Apple just introduced a new ‘shop with a specialist over video’ feature, which lets you chat with an Apple employee while browsing for a new iPhone.
Apple’s launching a new way to buy an iPhone. Instead of picking one up at the store or placing an order on Apple’s website, now you can get the best of both worlds by shopping for a device online with the help of an employee over a one-way video call.
The feature, called “shop with a specialist over video,” lets you chat with an Apple specialist on desktop or mobile who can guide you through the process of buying an iPhone, as well as provide more information about different iPhone features, trade-in offers, financing, and iOS. While you’ll see the person on the other end of the call in a thumbnail that appears on your screen, they won’t see you. That means you can even make the call from a device that doesn’t have a camera, although you’ll still need a microphone and speakers to chat with them.
This feature is a branch off of Apple’s existing “shop with a specialist” program, which lets you make a reservation at one of its stores to purchase products in person with the assistance of an employee. Unlike the standard shop with a specialist program, though, you can only buy iPhones. It’s not clear whether Apple will eventually expand this to its other products, but it seems Apple’s making the move to help boost iPhone sales in the lull leading up to the launch of the iPhone 15 later this year.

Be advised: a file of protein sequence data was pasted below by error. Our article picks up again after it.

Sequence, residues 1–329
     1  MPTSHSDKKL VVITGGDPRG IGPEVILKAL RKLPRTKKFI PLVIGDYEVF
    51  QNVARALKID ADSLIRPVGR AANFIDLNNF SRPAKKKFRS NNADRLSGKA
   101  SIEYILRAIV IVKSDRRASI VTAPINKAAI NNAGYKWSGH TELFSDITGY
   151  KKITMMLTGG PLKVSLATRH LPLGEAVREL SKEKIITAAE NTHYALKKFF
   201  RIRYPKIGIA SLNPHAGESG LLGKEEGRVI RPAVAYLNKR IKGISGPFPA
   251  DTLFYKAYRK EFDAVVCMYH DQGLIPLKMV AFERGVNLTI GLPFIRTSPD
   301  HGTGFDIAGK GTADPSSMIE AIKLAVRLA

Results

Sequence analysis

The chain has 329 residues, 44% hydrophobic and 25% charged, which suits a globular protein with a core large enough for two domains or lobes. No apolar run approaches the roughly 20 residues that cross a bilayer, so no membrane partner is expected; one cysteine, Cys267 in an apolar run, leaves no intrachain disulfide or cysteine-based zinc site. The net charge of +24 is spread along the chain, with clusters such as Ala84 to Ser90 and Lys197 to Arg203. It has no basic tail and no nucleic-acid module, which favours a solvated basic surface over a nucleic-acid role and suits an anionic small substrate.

The option to shop with a specialist over video shows up on the iPhone product page. To get to it, you have to click Ask an iPhone Specialist and then hit Connect With A Specialist from the resulting pop-up menu. From there, click Shop with us over one-way video, and you’ll get redirected to a page where you can start your call. Shopping over video is only available from 10AM ET / 7AM PT to 10PM ET / 7PM PT.
However, we don’t know whether the person on the other end of the call is an Apple store employee who has to field calls on top of their existing responsibilities or if Apple has tasked a dedicated remote team with managing the calls. The Verge reached out to Apple with a request for more information, and we’ll update this article if we hear back.